This whole social media / blogging idea still seems strange to me. I get the creative outlet. That’s why I started The Wandering Gourmand. I not-so-secretly dream of becoming a published author. But there is a community that comes with blogging that still seems foreign to me. It starts with a few bloggers dropping by your blog and clicking the “like” button. Maybe, if you’re lucky, they’ll even leave you a comment, engaging in a conversation about to how to pack for two weeks in Europe. Out of politeness, you visit their blog and click like on a post or two. You might even leave a comment about how adorable their one eared bald cat is. He really isn’t, but you want to be polite because you start to understand how this blog space works. You have to engage to gain readers. Then, one day, you find yourself making plans to meet a fellow blogger in person hoping that he’s not an extreme dork that chews with his mouth open.
That’s how it started with The Wandering Sheppard. A few likes led to a few comments, to some email exchanges, and to an eventual meet-up. It turns out that bloggers aren’t that dorky after all. They’re actually a lot like you (assuming you’re not a dork). The Gourmands and the Sheppard’s had an enjoyable evening sharing stories of food and travel. This is a guest post authored by The Wandering Sheppard of our meet up during the Queens Feast at Luce in Uptown Charlotte. I encourage you to stop by his blog for more travel and food writing.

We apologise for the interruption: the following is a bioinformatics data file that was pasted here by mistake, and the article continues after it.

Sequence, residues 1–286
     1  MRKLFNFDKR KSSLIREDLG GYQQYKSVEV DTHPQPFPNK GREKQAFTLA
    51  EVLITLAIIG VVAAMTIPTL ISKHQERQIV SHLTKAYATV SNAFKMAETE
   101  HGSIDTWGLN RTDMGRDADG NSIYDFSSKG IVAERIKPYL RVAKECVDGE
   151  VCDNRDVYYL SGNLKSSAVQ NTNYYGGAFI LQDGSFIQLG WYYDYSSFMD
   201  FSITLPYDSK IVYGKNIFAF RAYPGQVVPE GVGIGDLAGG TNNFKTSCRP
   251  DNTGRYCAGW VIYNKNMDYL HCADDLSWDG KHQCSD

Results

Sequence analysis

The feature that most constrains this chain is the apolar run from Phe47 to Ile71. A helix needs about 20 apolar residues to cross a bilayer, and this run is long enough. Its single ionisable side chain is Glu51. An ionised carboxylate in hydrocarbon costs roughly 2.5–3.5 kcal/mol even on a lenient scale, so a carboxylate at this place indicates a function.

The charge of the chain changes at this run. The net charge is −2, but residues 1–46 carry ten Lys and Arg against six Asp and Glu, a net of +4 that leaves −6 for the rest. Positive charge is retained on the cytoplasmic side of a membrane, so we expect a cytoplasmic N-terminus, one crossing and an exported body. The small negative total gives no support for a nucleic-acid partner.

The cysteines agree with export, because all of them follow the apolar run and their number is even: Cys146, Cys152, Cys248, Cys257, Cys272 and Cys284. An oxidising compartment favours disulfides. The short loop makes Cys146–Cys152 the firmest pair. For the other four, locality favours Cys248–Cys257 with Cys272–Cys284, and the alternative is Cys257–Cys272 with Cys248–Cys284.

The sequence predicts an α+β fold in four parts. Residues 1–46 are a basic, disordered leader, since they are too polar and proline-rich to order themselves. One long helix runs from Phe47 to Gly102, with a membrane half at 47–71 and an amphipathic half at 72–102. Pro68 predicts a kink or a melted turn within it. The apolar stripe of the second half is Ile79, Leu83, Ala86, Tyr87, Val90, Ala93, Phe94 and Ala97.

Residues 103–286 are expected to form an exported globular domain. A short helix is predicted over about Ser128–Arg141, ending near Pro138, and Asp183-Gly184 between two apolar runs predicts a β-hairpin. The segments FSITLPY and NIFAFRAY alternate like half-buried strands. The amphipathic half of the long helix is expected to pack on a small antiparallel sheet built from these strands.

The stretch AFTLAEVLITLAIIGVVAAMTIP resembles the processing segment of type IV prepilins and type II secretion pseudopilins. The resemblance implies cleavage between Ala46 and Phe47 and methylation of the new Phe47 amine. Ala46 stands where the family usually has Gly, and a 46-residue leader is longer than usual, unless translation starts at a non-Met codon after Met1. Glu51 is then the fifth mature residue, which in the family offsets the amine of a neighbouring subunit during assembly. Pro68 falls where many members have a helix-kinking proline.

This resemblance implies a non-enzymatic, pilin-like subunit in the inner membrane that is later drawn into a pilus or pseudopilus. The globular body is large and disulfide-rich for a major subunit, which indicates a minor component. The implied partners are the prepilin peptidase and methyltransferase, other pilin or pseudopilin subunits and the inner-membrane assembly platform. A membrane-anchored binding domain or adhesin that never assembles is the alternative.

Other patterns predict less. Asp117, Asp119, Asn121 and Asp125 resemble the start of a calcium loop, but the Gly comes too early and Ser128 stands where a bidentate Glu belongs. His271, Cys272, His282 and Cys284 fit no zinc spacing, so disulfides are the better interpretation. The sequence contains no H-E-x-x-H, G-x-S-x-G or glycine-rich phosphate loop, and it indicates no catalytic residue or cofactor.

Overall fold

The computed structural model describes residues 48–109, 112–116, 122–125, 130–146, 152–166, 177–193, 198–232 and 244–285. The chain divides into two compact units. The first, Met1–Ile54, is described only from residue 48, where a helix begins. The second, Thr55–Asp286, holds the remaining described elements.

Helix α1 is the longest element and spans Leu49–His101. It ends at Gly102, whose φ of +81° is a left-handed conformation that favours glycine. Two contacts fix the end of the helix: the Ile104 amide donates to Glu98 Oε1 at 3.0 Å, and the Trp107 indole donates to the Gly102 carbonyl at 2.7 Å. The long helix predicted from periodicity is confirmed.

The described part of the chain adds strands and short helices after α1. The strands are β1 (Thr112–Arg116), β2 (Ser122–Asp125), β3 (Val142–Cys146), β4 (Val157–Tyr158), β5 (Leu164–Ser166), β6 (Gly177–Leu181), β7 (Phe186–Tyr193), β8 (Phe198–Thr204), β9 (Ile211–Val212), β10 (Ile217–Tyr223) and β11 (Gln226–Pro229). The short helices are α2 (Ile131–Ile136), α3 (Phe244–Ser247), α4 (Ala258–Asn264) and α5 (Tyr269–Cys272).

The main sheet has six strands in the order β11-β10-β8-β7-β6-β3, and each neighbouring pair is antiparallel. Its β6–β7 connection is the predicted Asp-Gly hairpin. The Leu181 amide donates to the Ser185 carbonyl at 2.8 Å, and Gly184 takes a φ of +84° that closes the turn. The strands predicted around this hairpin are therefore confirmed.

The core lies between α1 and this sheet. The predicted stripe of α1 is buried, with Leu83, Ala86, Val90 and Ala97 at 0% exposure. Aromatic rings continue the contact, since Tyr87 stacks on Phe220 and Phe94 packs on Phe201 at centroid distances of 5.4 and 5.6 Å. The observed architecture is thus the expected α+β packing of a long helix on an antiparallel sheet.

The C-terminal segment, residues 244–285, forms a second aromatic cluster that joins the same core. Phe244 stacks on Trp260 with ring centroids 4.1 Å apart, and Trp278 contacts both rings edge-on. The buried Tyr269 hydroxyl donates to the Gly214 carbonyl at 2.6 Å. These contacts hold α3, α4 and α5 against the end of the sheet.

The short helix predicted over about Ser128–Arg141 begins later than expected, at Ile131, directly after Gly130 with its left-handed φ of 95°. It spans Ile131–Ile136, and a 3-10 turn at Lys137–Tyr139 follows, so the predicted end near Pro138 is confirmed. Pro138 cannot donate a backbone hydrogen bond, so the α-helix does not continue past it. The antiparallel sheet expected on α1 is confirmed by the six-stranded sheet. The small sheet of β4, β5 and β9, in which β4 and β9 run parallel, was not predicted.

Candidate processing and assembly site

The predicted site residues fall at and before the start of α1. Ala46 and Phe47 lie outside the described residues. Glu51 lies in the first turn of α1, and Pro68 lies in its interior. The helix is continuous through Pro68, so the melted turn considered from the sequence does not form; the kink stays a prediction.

Charlotte’s Restaurant Week, also known as Queen’s Feast, is one of my favorite times of the year. Actually, all Restaurant Weeks are my favorite week, but Charlotte is easy for me to participate. For those new to the promotion, it is a 3 course prix fixe menu. Prior to the week, most participating restaurants display their special menus on the week’s website. I made plans to come to one of the week’s weekends and meet up with The Wandering Gourmand, a Charlotte-based blogger. He sent over a few of his recommendations and agreed on Luce, a Northern Italian restaurant steps from the famous crossroads of Trade and Tryon.
When given the choice of an Italian restaurant, the first thought that comes to my head is it Mama serving her pasta with gravy, or a specific regional cuisine? While I enjoy the former, the latter always gets a nod in my book. When an Italian restaurant focuses on regional specialties, it always seems like you are lifted from the stale American city and sitting on a satellite of the focused region. Luce transports you to Northern Italy. With native ownership and a chef from Torino (Turin in English), you can’t get any closer than a non-stop flight from the International airport.
My first experience here and I am in awe with the atmosphere. The ambiance is upscale, yet it is palatable to the wallet as it does not bleed it. It is great place to meet friends, enjoy a special evening, or have a decent regional meal. We arrived early, so we headed to the bar to enjoy pre-dinner cocktails. I enjoying watching the restaurant’s pulse. While observing, I notice the maitre d’ has this restaurant humming like a well-oiled machine.